There is a good trend happening for average household income. It’s going up, and that marks the third straight year. According to the U.S. Census Bureau, real median household income rose 1.8% in 2017 over 2016 and the official poverty rate fell by 0.4 points. Median U.S. household income in dollar terms rose to $61,372 in 2017 from $60,309 in 2016. There is still some less than rosy news when race and sex are taken into consideration, and this has been outlined below.
The nation’s official poverty rate was 12.3% in 2017, with 39.7 million people counted as living in poverty. The 0.4-point drop was also the third consecutive annual decline in poverty.
The Census Bureau also released data on health insurance, and while the number of people without insurance ticked up to 28.5 million from 28.1 million in 2016, the percentage of people without insurance remained flat at 8.8%.
Data were also presented for race, origin, sex and other issues for 2017:
- Real median income of family households rose by 1.4% to $77,713 in 2017 from 2016.
- Real median income for married-couple households increased 1.6% between 2016 and 2017.
- Real median income of households maintained by non-Hispanic whites ($68,145) and Hispanics ($50,486) increased 2.6% and 3.7%, respectively.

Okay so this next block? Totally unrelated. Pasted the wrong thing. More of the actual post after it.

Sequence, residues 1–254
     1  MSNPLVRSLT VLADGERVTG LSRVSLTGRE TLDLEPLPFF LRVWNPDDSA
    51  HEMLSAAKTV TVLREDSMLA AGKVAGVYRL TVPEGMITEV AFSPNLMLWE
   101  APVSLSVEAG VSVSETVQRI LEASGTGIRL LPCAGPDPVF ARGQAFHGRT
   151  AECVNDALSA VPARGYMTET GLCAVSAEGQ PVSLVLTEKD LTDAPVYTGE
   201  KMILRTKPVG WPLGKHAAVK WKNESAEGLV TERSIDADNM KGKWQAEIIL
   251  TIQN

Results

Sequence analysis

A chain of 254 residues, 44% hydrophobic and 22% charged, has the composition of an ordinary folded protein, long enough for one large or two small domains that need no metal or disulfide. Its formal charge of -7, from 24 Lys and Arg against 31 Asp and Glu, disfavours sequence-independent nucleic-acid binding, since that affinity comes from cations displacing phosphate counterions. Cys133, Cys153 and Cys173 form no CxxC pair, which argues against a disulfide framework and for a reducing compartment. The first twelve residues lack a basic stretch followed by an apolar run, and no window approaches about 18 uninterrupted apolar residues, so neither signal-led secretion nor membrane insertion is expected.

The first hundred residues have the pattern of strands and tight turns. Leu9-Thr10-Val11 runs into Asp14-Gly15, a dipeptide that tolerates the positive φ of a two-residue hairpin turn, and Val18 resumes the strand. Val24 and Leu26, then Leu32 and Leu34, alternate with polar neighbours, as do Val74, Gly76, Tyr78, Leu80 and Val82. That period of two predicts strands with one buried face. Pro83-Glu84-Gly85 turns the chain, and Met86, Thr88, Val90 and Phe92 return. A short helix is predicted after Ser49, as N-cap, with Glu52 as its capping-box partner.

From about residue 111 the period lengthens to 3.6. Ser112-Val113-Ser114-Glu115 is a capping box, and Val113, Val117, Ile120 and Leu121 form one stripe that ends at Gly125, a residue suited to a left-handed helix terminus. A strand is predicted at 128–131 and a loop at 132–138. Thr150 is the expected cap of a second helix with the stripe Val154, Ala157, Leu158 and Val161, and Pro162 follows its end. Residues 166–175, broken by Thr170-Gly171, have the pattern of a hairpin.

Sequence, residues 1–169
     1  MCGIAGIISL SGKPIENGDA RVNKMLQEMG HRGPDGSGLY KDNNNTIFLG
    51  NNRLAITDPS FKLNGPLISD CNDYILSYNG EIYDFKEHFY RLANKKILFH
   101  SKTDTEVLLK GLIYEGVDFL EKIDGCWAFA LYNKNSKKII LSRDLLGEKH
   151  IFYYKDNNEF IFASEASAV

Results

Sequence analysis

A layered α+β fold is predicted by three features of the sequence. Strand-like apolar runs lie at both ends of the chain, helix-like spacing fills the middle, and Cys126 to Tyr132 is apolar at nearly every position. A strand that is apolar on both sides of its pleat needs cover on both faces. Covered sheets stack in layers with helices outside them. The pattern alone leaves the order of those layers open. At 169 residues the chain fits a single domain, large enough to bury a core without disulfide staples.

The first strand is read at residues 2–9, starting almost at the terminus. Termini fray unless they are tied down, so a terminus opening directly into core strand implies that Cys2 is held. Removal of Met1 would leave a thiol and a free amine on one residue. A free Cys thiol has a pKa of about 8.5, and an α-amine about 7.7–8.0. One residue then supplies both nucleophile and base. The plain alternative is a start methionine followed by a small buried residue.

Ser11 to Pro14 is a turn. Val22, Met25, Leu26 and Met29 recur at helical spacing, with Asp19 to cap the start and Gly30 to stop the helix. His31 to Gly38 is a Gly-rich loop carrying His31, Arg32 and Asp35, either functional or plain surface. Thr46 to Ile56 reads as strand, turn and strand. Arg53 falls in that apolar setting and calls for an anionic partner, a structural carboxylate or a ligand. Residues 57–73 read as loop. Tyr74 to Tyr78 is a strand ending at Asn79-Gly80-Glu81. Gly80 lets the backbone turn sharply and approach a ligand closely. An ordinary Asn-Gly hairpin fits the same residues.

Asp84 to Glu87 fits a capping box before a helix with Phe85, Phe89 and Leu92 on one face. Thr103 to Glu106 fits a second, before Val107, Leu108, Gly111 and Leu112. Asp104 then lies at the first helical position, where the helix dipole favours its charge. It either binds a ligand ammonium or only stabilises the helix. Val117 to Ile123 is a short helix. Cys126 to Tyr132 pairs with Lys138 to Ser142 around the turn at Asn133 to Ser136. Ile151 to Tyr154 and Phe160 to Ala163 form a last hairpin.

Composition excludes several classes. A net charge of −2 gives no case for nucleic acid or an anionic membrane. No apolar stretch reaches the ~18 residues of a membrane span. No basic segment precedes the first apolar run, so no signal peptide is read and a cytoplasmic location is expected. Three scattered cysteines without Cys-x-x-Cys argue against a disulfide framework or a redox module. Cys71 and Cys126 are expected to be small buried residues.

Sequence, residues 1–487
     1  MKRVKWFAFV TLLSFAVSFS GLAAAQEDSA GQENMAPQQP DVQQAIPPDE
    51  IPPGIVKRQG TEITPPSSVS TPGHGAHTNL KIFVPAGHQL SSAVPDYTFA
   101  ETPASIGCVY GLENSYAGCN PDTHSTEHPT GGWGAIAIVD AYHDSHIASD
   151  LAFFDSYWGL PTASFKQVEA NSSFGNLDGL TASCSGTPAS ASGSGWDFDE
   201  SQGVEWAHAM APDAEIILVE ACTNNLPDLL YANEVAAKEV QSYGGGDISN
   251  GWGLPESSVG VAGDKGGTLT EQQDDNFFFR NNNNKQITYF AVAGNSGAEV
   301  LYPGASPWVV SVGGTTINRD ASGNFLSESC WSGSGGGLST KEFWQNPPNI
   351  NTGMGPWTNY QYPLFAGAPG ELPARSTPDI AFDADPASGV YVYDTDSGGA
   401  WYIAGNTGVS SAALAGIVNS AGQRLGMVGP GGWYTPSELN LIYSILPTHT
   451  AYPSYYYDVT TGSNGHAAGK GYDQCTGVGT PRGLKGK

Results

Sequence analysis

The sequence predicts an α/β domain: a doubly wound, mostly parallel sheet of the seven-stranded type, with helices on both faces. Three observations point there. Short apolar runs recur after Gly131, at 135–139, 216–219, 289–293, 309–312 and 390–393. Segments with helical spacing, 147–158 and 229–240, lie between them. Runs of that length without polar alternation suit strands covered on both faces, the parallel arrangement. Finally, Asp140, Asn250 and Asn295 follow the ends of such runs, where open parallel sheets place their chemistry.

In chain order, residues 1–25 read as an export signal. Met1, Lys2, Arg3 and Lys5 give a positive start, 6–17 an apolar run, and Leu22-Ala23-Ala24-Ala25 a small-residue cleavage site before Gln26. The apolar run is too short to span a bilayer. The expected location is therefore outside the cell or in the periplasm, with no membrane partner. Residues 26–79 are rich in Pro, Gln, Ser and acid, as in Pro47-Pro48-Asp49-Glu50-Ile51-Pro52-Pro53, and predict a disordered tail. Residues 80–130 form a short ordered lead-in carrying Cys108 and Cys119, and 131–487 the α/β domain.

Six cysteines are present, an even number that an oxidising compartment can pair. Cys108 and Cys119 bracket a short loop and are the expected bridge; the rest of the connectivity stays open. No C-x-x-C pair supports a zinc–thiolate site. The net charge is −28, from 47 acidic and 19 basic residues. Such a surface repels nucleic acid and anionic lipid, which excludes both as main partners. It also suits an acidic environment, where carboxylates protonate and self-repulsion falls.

- Households maintained by Asians had the highest median income in 2017 at $81,331.
- The differences between the 2016 and 2017 percentage changes in median income for non-Hispanic white (2.6%) and Hispanic (3.7%) households were not statistically significant.
- The real median income of households maintained by a native-born person increased 1.5%.
- Real median income of households maintained by a foreign-born person was not statistically different from 2016.
- Real median earnings of all male workers increased by 3.0% to $44,408.
- Real median earnings for their female counterparts ($31,610) saw no statistically significant change between 2016 and 2017.
The Census report went deeper into the earnings of men and women as well:
In 2017, the real median earnings of men ($52,146) and women ($41,977) working full-time, year-round each decreased from their respective 2016 medians by 1.1 percent. The 2017 female-to-male earnings ratio was 0.805, not statistically different from the 2016 ratio. The difference between the 2016-2017 percentage change in median earnings for men and women working full-time, year-round was not statistically significant.
The number of men and women working full-time, year-round increased by 1.4 million and 1.0 million, respectively, between 2016 and 2017. The difference between the 2016-2017 increases in the number of men and women working full-time, year-round was not statistically significant.
Having a college degree obviously pays off in the long run, but there are some issues to consider when you see the data. The Census report said:
Between 2016 and 2017, people with at least a bachelor’s degree were the only group to have an increase in the poverty rate or the number of people in poverty. Among this group, the poverty rate increased 0.3 percentage points and the number in poverty increased by 363,000 individuals between 2016 and 2017. Even with this increase, among educational attainment groups, people with at least a bachelor’s degree had the lowest poverty rates in 2017.
Reports of this magnitude sometimes look good and sometimes look bad. The overall numbers for 2017 look good in general, but there are some obvious exceptions here.